Nippon Modus3 120 & Modus3 130 Golf Shaft Review

NIPPON N.S.PRO MODUS3 120 & MODUS3 130 Golf Shaft Review

By Russ Ryden, Fit2Score, A Dallas Fort Worth Club Fitter & Club Maker
The Golf Center at the Highlands, Carrollton Texas

Modus3Image

Sergio Garcia took his first major title playing the Modus3 130 X in his irons. Unlike carbon fiber shafts which change every few years, steel shafts remain available for a long time. They do not get replaced every other year with a new model. New models get added, but the successful designs stay on the market for years. This review of the Modus3 Tour 120 and Modus3 Tour 130 was first published in 2013. I updated it with charts from the current measuring standards. I have fit countless golfers into the Modus2 120. Recently, I was given a head only account by Mizuno and added the 120 and 130 to my fitting cart. I can now fit a shaft I know well, economically, into Mizuno heads. Within days of adding it to my Mizuno cart it is a winner it producing tight dispersion patterns.

After several years of PGA tour testing, the Nippon N.S.Pro MODUS3 was made available to the golfing public in 2010.  In 2013, a second version was moved from the tour to the public.  There are some unique properties to these designs.  One of which is the use of a spring steel alloy.  Rather than me tell the story, Here is a video I shot early in my video journalism days that tells the Nippon N.S.Pro Modus3 story. Lee Oyer, the PGA Tour Representative for Nippon is one of the great fitters in golf. His fitting skills are praised by his fellow tour fitters.

The Modus3 profile shows a quick loss of stiffness near the butt and a long stiff tip. It is made from a different grade of steel. It is in the bags of several PGA tour pros and has accumulated a lot of wins since it was first introduced in 2010.  It is light, installed weight is around 104 grams.  This is where the game is headed and Nippon has developed light weight high performance shafts using materials from their parent companies automotive experience. Here is a look at the linear and radial profiles of the original N.S.Pro Modus3 Tour 120 and the N.S.Pro Modus3 Tour 130 introduced to the public in 2013.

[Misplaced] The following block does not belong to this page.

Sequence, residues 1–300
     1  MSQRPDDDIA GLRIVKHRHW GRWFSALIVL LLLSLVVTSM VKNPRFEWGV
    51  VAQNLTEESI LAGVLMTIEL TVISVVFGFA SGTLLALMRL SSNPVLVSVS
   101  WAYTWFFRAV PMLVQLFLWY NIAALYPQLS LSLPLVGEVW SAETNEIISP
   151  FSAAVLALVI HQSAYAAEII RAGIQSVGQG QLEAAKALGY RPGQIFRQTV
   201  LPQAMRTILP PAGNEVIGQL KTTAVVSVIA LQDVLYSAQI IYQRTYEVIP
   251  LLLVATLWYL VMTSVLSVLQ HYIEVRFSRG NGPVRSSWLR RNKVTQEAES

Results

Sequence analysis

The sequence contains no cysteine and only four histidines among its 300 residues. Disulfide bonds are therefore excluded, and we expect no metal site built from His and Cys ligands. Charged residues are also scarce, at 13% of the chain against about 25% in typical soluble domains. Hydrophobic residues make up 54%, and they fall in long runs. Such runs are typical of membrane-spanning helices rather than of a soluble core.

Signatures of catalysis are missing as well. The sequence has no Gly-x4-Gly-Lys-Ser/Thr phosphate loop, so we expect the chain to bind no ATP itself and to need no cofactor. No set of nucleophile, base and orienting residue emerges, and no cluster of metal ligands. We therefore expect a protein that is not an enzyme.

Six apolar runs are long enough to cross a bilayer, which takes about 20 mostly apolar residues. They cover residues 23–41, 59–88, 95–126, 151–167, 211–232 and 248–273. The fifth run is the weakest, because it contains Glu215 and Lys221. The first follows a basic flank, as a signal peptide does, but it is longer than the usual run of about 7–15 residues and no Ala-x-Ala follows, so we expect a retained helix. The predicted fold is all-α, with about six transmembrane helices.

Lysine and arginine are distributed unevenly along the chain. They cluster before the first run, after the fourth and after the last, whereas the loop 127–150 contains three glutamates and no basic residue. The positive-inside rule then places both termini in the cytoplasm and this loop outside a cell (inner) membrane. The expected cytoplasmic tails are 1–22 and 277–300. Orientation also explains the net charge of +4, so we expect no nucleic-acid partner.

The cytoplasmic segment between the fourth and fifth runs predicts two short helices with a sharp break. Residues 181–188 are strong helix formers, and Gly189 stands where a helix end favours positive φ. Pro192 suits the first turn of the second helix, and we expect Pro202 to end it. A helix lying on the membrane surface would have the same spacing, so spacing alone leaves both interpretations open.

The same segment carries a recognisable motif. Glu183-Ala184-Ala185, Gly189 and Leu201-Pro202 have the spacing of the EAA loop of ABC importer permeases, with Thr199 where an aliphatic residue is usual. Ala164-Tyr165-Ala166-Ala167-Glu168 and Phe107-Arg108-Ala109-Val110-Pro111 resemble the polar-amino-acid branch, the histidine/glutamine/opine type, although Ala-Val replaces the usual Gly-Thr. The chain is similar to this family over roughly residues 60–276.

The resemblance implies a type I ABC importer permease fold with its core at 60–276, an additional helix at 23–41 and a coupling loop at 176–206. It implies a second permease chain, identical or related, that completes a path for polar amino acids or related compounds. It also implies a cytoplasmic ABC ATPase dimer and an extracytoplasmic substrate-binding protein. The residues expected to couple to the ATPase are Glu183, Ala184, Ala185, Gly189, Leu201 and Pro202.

The technical discussion, measurements and testing results are available only to registered readers

At the 2013 PGA Merchandise Show Demo day, DevotedGolfer.tv editor John Taylor discussed the Modus3 with Hiro Fukuda of NHK Intex Corporation/Nippon Shafts.

In this interview Hiro Fukuda mentions control of wall thickness to shape the stiffness profile of the shafts.  This illustration from the Nippon 2013 product catalog illustrates what he is talking about. Modus_Walls In a uniform material, steel being a uniform material as opposed to carbon fiber, wall thickness and shaft diameter create the bend profile of the golf shaft. By looking at these images and comparing them to the EI profiles, you can see how wall shape translates to bend profile. Those of us that are affiliated with the Fit2Score EI profile knowledge base like to see manufacturers using EI profiles to explain shafts in their publications.  It validates our system when our graphic images closely match those created by the shaft company engineers.

  • Justin

    Quick question on the Modus 120. I’m averaging 81-84mph with a six iron. I absolutely love the feel of the Modus 120, but I’m a bit concerned that my swing speeds are not enough for the Modus 120 in a Stiff flex. I know an option would be to look at hard stepping a regular and I have a fitting session coming up. It appears the Project X LZ has a similar EI profile to the Modus 120. They also recently released an LZ 105 (which I know you guys haven’t tested). What other iron shafts have the same profile as the Modus 120 but may be more in the 105 gram installed weight? Thanks in advance!

    • The Modus 120 is unique, there is nothing else like it. If the S feels stiff, go to the R. It is 3 grams lighter and just a bit softer. Take note of the actual weight of the R and S vs the label. They are not 120 gram shafts. I don’t see the S flex as too stiff for your swing speed. if it feels good and gives good dispersion control I would not worry about the label on a shaft.